Drawing on both original texts and critical literature,Linguistics in a Colonial World surveys the methods,meanings, and uses of early linguistic projects around theworld.
- Explores how early endeavours in linguistics were used to aidin overcoming practical and ideological difficulties of colonialrule
- Traces the uses and effects of colonial linguistic projects inthe shaping of identities and communities that were under, or inopposition to, imperial regimes
- Examines enduring influences of colonial linguistics incontemporary thinking about language and cultural difference
- Brings new insight into post-colonial controversies includingendangered languages and language rights in the globalizedtwenty-first century
|Edition description:||New Edition|
|Product dimensions:||6.00(w) x 1.25(h) x 9.00(d)|
About the Author
Joseph Errington is Professor of Anthropology and International and Area Studies, as well as Chair of the Council of Southeast Asian Studies, at Yale University. His research and writing have focused on linguistic dimensions of modernization and identity in Java and Indonesia, reflecting his broader interests in semiotics and the politics of language.
Table of Contents
List of Figures and Table.
1. The Linguistic in the Colonial.
2. Early Conversions, or, How Spanish Friars Made the LittleJump.
3. Imaging the Linguistic Past.
4. Philology's Evolutions.
5. Between Pentecost and Pidgins.
6. Colonial Linguists, (Proto)-National Languages.
7. Postcolonial Postscript.
What People are Saying About This
"This book provides both an introduction and an innovative argumentabout the development of colonial linguistics and its place in therise of 19th century European linguistics as a field of expertknowledge. This is stimulating scholarship and a valuable teachingresource for linguistic anthropology, sociolinguistics, history oflinguistics, cultural studies and historiography." Kathryn Woolard, University of California: San Diego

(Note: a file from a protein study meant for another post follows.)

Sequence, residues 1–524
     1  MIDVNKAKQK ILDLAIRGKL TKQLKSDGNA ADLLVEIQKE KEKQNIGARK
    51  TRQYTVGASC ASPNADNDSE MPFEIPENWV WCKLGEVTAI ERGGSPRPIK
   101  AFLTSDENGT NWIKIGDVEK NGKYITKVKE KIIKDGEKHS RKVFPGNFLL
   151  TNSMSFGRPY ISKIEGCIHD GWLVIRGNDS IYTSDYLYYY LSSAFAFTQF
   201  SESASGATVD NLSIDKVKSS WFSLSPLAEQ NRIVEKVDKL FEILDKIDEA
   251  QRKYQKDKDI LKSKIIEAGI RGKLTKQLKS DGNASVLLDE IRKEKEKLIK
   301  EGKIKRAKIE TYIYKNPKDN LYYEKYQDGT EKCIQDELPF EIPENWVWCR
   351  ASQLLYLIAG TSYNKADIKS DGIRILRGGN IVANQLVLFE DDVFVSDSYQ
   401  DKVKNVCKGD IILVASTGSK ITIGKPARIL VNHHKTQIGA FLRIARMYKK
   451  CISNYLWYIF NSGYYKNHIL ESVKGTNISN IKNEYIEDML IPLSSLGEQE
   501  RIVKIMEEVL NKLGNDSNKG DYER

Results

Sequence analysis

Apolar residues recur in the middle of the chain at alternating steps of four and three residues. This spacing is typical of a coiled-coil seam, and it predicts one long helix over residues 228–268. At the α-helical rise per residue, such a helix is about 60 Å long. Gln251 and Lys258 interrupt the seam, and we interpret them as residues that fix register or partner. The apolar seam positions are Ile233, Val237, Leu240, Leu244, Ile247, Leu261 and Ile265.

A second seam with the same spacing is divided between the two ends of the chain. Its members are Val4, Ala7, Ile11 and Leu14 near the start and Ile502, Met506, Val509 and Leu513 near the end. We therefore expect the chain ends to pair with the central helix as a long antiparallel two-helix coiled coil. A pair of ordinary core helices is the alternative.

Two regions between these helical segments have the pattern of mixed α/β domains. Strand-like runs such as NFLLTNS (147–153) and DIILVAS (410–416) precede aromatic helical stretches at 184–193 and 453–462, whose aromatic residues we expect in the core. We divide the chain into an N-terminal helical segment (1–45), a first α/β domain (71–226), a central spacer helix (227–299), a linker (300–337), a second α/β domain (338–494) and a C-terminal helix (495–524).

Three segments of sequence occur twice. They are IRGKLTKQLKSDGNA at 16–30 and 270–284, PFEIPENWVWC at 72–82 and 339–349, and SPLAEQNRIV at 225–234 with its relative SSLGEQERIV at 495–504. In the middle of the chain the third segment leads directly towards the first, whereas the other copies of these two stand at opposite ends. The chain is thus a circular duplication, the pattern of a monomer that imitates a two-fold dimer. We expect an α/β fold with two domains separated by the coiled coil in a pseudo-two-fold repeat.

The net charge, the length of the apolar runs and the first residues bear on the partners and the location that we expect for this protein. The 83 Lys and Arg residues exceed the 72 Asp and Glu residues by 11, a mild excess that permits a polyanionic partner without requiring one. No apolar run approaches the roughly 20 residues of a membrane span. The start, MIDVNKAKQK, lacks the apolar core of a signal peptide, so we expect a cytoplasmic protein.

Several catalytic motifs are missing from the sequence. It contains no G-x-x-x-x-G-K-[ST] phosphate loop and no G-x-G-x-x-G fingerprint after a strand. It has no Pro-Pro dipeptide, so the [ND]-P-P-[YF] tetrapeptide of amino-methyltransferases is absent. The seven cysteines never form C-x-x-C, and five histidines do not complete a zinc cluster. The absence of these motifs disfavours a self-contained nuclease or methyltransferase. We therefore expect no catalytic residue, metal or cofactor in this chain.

"This splendid history of ideas is a nuanced reflection on howlanguage and humanity became each other's deepest theoreticalmirrors as the world made the transition from colonialism to themore recent forms of globalization. It is also a superbcontribution to the general dialogue between linguistics and itscognate human sciences."Arjun Appadurai, The New School
"In this concise, eloquent yet wide-ranging book, JosephErrington demonstrates the importance of understanding linguisticsas a special kind of colonial encounter. Linguistics, he shows, hasalways operated within particular relations of power, constructs ofsameness and difference, and ways of reducing languages to writing.The European science of language helped legislate on the one handnational difference in Europe and on the other human inequality inEuropean empires. Linguistics, Errington shows, may claimscientificity but it can never be insulated from the speech ofthose it studies; it is always entangled with contexts, projectsand linguistic ideologies from the past. This book thereforeprovides not only key historical discussion of the long and fraughtconnections among colonialism, linguistic description, literacypractices, and social imaginations, but also challenges anycontemporary practising linguist – whether engaged inpan-human speculations about universal language, continuingmissionary linguistic projects, or attempts to save and preserveendangered languages – to understand current postcoloniallinguistic projects in relation to the colonial past."Alastair Pennycook, University of Technology-Sydney